There have been several reports of young children showing up in clinics and emergency rooms with abnormal heart rhythms, high blood pressure, and worse after consuming energy drinks. The paediatricians note that children’s smaller bodies don’t have the same tolerance to caffeine that adults do.

The Canadian Paediatric Society considers the sugar and caffeine in energy drinks a risk for children.
The Canadian Paediatric Society considers the sugar and caffeine in energy drinks a risk for children. © Canadian Press

An oft cited case is that of a teen in South Carolina with no previous heart condition but who died after drinking a sports drink,  large soft drink and a latte within a two hour span.

In Canada where caffeine amounts in energy drinks are regulated, an energy drink generally has about twice as much caffeine as an equivalent sized as a cola soft drink and approximately the same caffeine as an equivalent-sized cup of instant coffee.

The CPS also said that caffeine levels in sports drinks in other countries may vary greatly from Canadian levels noting that, “some energy drinks in the USA containing as much as 344 mg of caffeine per 473-mL can [40], or more than seven times the amount of caffeine found in the same quantity of Coca-Cola [43]. It is important for paediatricians to be aware that regulations differ in neighbouring countries and that teenagers can purchase highly concentrated beverages outside of Canada”.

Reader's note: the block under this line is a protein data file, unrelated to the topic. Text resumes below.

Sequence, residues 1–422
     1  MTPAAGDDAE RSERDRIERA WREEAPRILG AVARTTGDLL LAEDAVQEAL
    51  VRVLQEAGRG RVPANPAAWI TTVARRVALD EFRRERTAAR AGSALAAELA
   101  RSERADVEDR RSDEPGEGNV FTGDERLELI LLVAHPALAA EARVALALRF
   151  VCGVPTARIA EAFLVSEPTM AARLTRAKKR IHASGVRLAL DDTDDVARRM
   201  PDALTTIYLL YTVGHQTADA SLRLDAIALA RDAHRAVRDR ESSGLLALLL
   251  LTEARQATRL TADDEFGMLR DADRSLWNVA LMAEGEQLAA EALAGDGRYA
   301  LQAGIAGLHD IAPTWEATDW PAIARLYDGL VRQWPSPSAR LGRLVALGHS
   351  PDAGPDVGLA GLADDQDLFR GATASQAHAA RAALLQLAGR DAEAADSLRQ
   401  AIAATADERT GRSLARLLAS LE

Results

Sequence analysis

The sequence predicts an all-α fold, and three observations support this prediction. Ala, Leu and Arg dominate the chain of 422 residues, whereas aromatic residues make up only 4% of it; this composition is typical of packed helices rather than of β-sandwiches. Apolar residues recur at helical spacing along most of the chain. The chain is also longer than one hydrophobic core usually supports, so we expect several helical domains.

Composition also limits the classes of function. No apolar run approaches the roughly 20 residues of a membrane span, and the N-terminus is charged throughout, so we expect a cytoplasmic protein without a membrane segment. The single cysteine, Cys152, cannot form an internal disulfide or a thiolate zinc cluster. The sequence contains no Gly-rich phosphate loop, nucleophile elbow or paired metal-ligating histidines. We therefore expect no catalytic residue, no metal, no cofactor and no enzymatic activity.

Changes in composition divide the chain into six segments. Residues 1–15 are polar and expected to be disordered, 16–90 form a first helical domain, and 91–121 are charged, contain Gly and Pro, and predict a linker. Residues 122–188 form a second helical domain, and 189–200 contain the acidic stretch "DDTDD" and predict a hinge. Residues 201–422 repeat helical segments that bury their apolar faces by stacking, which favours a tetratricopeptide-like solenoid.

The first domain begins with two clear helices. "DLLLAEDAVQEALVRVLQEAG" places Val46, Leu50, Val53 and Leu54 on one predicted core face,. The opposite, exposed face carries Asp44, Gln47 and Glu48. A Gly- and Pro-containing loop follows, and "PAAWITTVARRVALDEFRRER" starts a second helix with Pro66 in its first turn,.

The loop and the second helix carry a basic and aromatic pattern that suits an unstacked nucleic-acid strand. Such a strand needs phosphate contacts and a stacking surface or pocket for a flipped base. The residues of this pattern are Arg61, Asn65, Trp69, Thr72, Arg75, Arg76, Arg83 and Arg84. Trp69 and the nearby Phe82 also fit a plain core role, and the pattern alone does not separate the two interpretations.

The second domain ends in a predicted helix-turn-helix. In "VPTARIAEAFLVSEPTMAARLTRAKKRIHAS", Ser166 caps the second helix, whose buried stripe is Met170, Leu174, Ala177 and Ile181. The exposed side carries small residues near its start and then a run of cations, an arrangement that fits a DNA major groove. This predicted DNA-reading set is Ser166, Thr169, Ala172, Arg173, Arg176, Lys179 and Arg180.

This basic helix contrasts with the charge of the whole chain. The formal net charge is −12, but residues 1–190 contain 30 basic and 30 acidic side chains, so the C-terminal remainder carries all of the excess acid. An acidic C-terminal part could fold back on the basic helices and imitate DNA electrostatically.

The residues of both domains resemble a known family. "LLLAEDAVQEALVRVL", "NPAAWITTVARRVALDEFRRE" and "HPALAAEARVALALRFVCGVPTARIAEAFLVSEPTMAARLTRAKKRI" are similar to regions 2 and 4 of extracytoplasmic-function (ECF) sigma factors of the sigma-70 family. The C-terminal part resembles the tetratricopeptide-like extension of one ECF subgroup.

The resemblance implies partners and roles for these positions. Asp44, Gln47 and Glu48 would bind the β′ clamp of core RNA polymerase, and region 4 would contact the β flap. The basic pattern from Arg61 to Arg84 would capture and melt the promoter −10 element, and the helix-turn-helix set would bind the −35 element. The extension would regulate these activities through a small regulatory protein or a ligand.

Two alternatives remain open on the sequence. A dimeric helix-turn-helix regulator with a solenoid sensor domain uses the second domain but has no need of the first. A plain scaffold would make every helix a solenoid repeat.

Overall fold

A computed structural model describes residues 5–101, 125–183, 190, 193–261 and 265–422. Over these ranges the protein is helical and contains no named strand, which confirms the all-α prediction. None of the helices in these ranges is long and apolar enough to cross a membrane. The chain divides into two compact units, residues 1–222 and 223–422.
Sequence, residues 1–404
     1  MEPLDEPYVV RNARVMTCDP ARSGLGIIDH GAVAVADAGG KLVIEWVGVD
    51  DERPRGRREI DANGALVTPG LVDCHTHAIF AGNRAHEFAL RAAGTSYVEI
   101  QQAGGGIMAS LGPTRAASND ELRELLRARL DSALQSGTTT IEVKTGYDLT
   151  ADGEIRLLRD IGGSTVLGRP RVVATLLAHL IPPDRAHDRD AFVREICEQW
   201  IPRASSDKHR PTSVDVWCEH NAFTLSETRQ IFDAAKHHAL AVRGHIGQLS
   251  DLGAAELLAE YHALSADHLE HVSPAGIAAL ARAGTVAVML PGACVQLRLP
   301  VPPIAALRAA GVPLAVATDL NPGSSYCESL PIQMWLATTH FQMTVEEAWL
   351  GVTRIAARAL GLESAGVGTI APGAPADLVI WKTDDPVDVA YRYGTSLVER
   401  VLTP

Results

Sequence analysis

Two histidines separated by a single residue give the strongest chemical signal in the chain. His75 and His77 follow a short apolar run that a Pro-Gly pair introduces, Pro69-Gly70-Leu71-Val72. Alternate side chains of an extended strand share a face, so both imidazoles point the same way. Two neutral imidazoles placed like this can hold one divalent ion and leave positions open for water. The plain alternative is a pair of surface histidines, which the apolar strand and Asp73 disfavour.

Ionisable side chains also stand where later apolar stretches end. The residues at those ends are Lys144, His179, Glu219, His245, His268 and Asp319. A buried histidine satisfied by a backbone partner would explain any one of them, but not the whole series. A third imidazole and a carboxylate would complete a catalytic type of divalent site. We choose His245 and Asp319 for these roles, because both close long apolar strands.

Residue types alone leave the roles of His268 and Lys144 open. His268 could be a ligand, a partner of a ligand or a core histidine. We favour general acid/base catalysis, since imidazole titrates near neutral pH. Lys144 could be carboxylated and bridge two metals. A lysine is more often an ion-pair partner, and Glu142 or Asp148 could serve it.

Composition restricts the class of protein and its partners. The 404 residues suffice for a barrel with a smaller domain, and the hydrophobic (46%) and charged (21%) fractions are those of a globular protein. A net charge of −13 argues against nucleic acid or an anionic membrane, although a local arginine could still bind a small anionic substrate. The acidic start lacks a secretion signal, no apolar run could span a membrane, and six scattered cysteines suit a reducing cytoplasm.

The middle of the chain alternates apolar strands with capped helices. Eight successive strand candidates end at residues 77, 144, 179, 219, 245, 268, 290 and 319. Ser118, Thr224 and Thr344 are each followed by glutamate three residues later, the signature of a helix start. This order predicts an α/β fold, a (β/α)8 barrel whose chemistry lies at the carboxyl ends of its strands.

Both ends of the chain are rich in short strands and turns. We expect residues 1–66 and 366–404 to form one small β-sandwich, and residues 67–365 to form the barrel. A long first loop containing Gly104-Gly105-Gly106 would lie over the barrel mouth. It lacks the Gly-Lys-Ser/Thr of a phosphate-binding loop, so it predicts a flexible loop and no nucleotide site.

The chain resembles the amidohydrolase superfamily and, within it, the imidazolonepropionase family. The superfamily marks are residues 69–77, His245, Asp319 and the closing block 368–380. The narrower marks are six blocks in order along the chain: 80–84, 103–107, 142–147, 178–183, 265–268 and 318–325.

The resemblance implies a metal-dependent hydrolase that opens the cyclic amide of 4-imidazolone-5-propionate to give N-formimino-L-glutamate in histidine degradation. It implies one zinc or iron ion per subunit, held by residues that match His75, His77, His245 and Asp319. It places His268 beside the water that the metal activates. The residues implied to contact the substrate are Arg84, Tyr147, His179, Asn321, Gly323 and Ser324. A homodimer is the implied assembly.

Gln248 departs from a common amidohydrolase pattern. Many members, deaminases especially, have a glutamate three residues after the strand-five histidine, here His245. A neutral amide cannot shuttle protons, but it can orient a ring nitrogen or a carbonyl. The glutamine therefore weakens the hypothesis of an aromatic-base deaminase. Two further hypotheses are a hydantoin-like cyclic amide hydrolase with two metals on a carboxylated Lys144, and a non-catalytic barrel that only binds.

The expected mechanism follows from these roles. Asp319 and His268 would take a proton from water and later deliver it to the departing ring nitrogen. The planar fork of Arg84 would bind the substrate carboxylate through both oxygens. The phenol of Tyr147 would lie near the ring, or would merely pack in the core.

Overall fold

The Society would like to see the legislation

Additional information- sources

Tagged with: , , , , , ,
Posted in Economy, Health, International, Lifestyle, Science and Technology, Society

Do you want to report an error or a typo? Click here!

@*@ Comments

Leave a Reply

Your email address will not be published. Required fields are marked *

 characters available

Note: By submitting your comments, you acknowledge that Radio Canada International has the right to reproduce, broadcast and publicize those comments or any part thereof in any manner whatsoever. Radio Canada International does not endorse any of the views posted. Your comments will be pre-moderated and published if they meet netiquette guidelines.